That’s what Robertson says, to which I say, the unavoidable conclusion is that we did not want Osama demystified and debunked. Osama served U.S. government purposes better as a boogeyman than as a criminal. It’s as if we don’t trust the very justice system we’ve spent over 200 years developing and the most expensive (and intrusive) national security apparatus in the history of the world. Do we believe in our justice system only so long as it is never tested?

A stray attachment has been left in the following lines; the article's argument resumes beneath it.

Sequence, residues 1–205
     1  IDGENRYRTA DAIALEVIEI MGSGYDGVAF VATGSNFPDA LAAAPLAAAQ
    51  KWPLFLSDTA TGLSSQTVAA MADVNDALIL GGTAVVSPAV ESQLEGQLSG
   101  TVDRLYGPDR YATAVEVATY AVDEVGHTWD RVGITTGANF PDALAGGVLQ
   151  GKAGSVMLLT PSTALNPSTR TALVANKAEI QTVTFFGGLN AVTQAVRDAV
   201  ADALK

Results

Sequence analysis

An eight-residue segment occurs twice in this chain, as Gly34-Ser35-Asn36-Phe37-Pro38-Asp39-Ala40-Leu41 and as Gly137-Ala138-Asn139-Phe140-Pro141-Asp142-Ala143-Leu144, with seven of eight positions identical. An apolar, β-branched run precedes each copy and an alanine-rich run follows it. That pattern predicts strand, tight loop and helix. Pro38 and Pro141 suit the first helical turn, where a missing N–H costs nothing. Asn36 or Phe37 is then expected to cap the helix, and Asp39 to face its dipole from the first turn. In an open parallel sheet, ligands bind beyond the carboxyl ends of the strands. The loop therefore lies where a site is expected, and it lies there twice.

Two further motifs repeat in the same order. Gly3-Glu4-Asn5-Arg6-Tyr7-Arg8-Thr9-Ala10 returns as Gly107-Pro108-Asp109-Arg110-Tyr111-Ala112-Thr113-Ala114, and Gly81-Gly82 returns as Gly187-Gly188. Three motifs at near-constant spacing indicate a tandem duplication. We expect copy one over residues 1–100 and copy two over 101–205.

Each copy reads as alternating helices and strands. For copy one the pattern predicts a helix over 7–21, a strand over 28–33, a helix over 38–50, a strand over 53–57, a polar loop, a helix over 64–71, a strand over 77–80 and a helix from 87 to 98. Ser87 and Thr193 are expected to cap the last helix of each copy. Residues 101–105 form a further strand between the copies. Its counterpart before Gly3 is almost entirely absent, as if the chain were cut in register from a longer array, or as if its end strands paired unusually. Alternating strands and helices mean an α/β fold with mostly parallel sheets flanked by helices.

The al-Qaeda strategy seems to have been to lure the U.S. into a long war of attrition in Muslim countries, thereby escalating jihadi recruitment worldwide and causing economic collapse of the Great Satan – or, as Osama put it, “bleeding America to the point of bankruptcy.” Good job. It was apparently just serendipity that the U.S. also opted out of international human rights agreements, and opted in on ethnic and religious profiling, illegal surveillance, indefinite detention of both citizens and non-citizens without trial, the militarization of our police forces and their use as a praetorian guard for the wealthy and powerful, infiltration and intimidation of activist groups, intrusive oversight of our financial transactions, support for brutal pro-U.S. dictators overseas, secret prisons, torture and extra-judicial unmanned aerial drone assassinations.